18. Nutritional status in community-dwelling elderly in France in urban and rural areas.

    Directory of Open Access Journals (Sweden)

    Marion J Torres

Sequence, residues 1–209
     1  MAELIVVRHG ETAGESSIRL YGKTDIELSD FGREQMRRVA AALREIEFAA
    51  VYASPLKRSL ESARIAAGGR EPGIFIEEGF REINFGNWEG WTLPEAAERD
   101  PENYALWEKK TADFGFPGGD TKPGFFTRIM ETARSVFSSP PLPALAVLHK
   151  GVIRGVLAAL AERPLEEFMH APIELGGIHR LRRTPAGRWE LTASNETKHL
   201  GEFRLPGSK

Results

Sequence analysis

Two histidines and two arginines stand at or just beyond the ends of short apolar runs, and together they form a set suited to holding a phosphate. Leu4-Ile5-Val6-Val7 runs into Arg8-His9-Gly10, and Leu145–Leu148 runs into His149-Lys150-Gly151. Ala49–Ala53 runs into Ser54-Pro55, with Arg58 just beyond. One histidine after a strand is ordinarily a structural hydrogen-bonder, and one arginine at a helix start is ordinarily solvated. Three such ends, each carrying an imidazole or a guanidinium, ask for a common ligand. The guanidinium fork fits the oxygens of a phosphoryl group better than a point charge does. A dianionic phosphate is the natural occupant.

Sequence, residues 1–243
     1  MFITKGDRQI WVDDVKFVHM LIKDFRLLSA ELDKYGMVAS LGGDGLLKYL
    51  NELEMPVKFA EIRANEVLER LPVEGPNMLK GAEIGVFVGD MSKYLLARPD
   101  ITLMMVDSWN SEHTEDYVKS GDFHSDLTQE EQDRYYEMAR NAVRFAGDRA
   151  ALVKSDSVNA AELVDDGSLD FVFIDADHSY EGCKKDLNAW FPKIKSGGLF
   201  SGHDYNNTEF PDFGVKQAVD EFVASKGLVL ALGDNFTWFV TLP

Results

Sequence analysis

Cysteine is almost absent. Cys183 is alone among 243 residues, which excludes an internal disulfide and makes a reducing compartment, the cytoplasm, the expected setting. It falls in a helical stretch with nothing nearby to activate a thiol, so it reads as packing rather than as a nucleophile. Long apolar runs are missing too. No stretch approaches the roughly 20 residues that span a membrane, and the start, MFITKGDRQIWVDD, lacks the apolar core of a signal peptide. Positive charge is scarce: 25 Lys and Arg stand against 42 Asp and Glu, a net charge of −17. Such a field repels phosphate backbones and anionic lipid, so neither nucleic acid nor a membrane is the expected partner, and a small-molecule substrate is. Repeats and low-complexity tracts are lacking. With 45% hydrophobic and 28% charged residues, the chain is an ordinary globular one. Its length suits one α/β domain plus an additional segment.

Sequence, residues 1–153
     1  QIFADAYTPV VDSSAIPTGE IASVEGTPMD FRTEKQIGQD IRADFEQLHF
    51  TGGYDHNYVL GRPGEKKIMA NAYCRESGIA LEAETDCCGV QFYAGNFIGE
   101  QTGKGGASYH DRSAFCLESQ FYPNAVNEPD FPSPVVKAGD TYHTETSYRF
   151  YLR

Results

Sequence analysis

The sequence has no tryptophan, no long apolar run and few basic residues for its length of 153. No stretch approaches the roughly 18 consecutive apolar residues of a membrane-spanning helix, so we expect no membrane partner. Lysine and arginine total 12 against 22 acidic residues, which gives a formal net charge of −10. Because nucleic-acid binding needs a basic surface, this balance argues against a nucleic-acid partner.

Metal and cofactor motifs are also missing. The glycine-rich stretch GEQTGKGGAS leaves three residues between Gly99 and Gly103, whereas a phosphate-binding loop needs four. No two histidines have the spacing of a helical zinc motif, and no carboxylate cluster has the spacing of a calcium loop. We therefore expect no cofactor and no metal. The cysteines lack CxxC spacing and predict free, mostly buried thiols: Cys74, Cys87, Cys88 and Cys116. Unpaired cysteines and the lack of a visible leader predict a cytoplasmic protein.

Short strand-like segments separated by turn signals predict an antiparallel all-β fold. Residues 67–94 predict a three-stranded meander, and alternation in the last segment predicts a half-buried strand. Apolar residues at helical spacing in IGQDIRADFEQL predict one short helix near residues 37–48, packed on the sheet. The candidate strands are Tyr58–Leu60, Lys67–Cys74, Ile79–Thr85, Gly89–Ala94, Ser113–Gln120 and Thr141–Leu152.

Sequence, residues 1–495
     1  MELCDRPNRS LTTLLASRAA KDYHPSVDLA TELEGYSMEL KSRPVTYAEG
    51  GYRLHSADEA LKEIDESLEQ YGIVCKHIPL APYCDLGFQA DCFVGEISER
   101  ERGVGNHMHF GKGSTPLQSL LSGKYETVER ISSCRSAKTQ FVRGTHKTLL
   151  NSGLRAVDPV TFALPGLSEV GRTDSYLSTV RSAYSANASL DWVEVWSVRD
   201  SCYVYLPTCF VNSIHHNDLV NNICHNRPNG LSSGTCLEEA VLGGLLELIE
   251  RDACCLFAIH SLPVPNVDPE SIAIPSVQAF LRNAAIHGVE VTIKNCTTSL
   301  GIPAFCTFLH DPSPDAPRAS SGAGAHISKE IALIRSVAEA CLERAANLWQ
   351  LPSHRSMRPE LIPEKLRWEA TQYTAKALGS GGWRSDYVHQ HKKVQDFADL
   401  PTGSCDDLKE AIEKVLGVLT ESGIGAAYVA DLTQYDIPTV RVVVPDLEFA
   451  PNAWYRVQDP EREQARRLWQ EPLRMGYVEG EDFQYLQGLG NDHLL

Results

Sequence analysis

Full Text Available Malnutrition is a frequent condition in elderly people, especially in nursing homes and geriatric wards. Its frequency is less well known among elderly living at home. The objective of this study was to describe the nutritional status evaluated by the Mini Nutritional Assessment (MNA of elderly community-dwellers living in rural and urban areas in France and to investigate its associated factors.Subjects aged 65 years and over from the Approche Multidisciplinaire Intégrée (AMI cohort (692 subjects living in a rural area and the Three-City (3C cohort (8,691 subjects living in three large urban zones were included. A proxy version of the MNA was reconstructed using available data from the AMI cohort. Sensitivity and specificity were used to evaluate the agreement between the proxy version and the standard version in AMI. The proxy MNA was computed in both cohorts to evaluate the frequency of poor nutritional status. Factors associated with this state were investigated in each cohort separately.In the rural sample, 38.0% were females and the mean age was 75.5 years. In the urban sample, 60.3% were females and the mean age was 74.1 years. Among subjects in living in the rural sample, 7.4% were in poor nutritional status while the proportion was 18.5% in the urban sample. Female gender, older age, being widowed, a low educational level, low income, low body mass index, being demented, having a depressive symptomatology, a loss of autonomy and an intake of more than 3 drugs appeared to be independently associated with poor nutritional status.Poor nutritional status was commonly observed among elderly people living at home in both rural and urban areas. The associated factors should be further considered for targeting particularly vulnerable individuals.